Studying PRINCE2 and ITIL 4

PRINCE2 and ITIL 4 both have distinct certification paths. For candidates interested in studying both, it can be a good idea to create a structured plan for doing so.

With PRINCE2, candidates can begin with either PRINCE2 Foundation or PRINCE2 Agile Foundation. Passing the certification exam for either of these qualifies a candidate to sit either the PRINCE2 Practitioner or PRINCE2 Agile Practitioner exams. 

ITIL 4 takes a less straightforward approach. Students begin with the ITIL 4 Foundation exam before moving on to the intermediate modules. These can be tackled in any order, and candidates are not required to take each and every one. Because of this, a student may choose to focus on modules more closely related to project management and strategy, such as:

There are also newer extension modules that can be relevant on a project level. For example, the new Sustainability in Digital & IT certification can help project managers utilize more future-proof green solutions for certain obstacles.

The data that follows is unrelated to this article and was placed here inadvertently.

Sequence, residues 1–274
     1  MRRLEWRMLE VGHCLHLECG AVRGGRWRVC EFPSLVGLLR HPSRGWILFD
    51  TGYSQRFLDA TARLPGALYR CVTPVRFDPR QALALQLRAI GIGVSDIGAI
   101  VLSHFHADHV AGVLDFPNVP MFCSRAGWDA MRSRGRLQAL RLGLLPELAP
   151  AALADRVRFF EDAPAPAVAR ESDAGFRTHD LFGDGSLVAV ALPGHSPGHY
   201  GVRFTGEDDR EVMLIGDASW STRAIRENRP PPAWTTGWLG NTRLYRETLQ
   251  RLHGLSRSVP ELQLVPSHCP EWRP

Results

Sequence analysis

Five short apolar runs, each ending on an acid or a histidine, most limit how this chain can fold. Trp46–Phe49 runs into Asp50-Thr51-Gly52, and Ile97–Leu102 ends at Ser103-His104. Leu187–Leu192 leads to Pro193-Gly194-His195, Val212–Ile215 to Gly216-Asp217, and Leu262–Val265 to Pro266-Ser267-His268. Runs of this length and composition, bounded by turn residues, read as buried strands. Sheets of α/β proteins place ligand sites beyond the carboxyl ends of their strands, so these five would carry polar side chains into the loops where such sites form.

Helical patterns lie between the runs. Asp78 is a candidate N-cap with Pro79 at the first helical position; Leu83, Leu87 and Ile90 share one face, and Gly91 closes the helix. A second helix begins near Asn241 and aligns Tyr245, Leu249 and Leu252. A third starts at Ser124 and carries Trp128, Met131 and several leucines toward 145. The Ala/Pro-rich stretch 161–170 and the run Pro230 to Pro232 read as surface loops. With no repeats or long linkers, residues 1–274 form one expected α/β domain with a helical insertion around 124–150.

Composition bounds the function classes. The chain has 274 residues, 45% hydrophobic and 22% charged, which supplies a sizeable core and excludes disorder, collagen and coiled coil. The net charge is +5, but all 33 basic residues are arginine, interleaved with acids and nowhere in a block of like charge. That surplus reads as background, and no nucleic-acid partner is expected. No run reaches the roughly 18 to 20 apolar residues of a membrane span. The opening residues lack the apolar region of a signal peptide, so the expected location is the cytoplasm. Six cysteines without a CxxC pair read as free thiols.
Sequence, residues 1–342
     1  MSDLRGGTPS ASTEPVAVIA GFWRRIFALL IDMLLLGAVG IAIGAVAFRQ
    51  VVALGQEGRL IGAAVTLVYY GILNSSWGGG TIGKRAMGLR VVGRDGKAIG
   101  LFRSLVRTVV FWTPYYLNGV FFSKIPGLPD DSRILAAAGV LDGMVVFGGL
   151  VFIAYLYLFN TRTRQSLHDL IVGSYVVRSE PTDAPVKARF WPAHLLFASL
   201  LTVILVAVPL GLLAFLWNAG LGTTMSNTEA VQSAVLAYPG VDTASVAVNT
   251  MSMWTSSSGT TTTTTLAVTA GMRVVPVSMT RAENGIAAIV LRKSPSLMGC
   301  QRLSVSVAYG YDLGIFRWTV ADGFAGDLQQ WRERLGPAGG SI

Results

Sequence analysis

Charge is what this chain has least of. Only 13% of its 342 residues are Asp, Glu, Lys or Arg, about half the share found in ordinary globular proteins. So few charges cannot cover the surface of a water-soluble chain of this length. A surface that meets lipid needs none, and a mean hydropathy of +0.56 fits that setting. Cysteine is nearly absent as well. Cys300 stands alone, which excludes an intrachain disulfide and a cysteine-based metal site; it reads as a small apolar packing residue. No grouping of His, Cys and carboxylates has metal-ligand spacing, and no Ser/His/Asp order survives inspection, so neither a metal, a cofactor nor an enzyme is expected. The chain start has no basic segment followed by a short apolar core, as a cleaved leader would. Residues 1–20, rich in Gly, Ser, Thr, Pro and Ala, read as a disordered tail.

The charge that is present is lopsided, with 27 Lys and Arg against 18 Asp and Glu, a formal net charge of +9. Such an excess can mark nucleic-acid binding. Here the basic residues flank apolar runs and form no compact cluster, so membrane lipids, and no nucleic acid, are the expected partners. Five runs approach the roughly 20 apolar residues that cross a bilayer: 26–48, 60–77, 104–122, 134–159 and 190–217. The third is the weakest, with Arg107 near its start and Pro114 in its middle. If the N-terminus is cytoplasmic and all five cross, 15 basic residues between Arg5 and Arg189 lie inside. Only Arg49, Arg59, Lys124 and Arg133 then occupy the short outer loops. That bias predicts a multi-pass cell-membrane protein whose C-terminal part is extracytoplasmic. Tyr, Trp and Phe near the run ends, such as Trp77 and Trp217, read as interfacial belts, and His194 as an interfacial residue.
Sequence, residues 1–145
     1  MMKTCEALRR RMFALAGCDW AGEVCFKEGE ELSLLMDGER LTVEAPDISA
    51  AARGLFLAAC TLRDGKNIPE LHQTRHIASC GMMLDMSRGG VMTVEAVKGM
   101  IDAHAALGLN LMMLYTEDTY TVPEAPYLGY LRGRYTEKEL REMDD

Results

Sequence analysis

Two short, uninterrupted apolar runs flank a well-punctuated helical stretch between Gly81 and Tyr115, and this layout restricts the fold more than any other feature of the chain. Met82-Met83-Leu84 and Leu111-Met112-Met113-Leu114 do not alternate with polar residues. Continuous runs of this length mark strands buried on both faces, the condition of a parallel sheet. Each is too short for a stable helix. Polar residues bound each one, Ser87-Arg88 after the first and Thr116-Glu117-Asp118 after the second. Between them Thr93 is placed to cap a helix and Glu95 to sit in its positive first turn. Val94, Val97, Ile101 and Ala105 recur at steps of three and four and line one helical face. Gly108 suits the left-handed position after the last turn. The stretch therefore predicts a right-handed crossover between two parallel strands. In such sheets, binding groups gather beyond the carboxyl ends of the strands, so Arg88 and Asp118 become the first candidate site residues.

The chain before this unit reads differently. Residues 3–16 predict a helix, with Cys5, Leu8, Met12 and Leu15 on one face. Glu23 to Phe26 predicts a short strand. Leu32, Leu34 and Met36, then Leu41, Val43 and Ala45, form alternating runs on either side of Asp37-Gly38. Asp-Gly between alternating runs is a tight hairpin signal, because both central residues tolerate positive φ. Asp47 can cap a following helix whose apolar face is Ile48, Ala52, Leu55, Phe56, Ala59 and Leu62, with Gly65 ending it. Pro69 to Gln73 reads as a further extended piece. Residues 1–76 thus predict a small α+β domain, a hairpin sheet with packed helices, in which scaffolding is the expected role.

Finally, candidates also have the option of taking an Awareness course for ITIL or PRINCE2. While these courses do not involve certification exams, they still provide an overview of the essential elements of the frameworks they cover. This can both introduce candidates to the benefits of a framework and give them strong foundational knowledge that will help them work alongside practitioners. 

Interested in finding out more about studying PRINCE2 and ITIL 4? Visit the Good e-Learning website for a free certification course trail, or contact a member of our team today!

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Philip is a content writer with experience across multiple industries, including gaming, home improvement, and now e-learning. He graduated from the London School of Economics with a BA in History before taking on various odd jobs and volunteer writing positions, but soon broke into professional writing as a retail journalist. Now focusing on content writing, Philip is a tireless enemy of cliched corporate jargon. He believes that marketing content should be clear, concise and relevant to readers. Rather than assuming that customers know all about your solution, it is up to you to identify with their problem and offer something that will really get their attention. As such, he strives to understand the real-world applications of Good e-Learning’s product portfolio so that it can be explained in a way that is both coherent and down to earth. If you cannot understand what you are selling, you won’t get far! In his spare time, Philip enjoys watching movies, gaming and writing with friends.